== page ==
Bokeh...what it really is, not how the web articles refer to it

Bokeh...what it really is, not how the web articles refer to it 2023-12-24

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'Bokeh' was a concept not understood (not even any awareness) outside of Japan, until Mike Johnston, editor in chief, published three articles in a monthly photography periodal in 1997, Photo Techniques
Lost to the world for a long while, someone linked to one of the articles in somewhat recent times, leadiing to this...

It was clearly explained then, the origin of the term 'bokeh' and clarification of the proper pronunciation (and re-spelling to reduce doubt about the pronunciation), and that the term referred to the CHARACTERISTICS (or 'quality') of the out-of-focus areas in a photo. Unfortunately, the web has served as a major vehicle for spreading the mis-belief that 'bokeh' is 'the out-of-focus' that you can 'create' in a photo, rather than the reality that 'bokeh' is pleasing or not pleasing (some might say 'jarring' for the not-pleasing) and you cannot create it, it merely is the result of the optical tradeoffs inherent to the design compromises.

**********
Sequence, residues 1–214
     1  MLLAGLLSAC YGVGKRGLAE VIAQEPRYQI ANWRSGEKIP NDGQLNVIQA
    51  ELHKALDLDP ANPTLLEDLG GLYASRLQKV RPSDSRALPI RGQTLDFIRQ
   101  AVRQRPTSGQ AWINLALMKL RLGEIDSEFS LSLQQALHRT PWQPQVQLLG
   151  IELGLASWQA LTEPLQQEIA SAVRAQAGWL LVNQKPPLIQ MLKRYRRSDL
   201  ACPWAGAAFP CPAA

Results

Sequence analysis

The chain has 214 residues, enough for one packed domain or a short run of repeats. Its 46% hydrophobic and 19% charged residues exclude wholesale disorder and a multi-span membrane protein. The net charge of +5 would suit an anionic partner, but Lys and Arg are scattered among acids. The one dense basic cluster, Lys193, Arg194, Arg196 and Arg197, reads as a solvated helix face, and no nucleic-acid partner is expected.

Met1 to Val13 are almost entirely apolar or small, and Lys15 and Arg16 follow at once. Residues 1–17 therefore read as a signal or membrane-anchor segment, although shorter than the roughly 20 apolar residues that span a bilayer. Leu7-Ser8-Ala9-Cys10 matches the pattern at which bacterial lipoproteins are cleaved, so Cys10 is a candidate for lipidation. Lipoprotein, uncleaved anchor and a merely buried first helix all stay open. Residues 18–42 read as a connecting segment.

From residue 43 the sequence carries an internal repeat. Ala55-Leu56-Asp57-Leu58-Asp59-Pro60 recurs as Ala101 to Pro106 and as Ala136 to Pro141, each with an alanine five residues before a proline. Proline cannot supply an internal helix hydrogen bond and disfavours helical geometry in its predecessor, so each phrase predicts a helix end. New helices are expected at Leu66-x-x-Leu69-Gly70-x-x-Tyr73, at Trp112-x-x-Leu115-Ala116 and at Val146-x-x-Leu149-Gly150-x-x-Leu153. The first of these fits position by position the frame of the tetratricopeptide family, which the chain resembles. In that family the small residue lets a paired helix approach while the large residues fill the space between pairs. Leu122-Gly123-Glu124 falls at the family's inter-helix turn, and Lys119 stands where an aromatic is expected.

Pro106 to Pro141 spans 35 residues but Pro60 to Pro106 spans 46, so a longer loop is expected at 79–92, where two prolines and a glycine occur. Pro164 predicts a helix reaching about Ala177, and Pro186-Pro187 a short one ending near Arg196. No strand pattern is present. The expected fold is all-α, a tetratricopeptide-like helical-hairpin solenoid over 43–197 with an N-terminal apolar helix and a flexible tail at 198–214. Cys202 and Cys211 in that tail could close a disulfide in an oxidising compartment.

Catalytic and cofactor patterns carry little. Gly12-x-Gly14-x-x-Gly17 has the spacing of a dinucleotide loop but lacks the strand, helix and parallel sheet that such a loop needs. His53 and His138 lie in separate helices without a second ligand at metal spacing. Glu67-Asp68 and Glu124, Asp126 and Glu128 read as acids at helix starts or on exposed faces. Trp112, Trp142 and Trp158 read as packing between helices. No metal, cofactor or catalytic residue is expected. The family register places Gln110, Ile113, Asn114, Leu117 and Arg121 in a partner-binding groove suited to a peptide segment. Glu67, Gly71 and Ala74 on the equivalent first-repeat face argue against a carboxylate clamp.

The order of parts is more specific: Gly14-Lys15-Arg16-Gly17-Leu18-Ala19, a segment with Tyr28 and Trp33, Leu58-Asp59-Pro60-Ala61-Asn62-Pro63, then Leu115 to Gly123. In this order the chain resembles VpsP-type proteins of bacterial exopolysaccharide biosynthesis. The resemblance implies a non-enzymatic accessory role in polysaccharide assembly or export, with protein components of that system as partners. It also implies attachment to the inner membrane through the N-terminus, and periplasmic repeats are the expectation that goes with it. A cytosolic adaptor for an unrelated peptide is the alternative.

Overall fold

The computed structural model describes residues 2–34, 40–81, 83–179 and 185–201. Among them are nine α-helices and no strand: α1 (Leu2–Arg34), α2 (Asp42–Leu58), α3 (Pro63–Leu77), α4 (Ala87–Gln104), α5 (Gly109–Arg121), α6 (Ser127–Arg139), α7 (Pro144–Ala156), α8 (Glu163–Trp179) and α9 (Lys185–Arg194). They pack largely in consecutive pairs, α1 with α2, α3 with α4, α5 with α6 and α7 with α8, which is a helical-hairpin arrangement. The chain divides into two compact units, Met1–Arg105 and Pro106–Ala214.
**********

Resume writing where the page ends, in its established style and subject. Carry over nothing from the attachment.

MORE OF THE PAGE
Nikon and Zeiss had since published papers on the topic, and their definition has always been fully in alignment with the original article. Unfortunately , while Nikon has the definition fundamentally correct, it later misuses the term in a subtitle "How to Achieve Bokeh", rather than saying "How to achieve out-of-focus areas".
"Bokeh is defined as “the effect of a soft out-of-focus background that you get when shooting a subject, using a fast lens, at the widest aperture, such as f/2.8 or wider.” Simply put, bokeh is the pleasing or aesthetic quality of out-of-focus blur in a photograph. "
To exhibit the full Zeiss agreement with the original Photo Techniques articles, even by highly respected experts in photographic optics..
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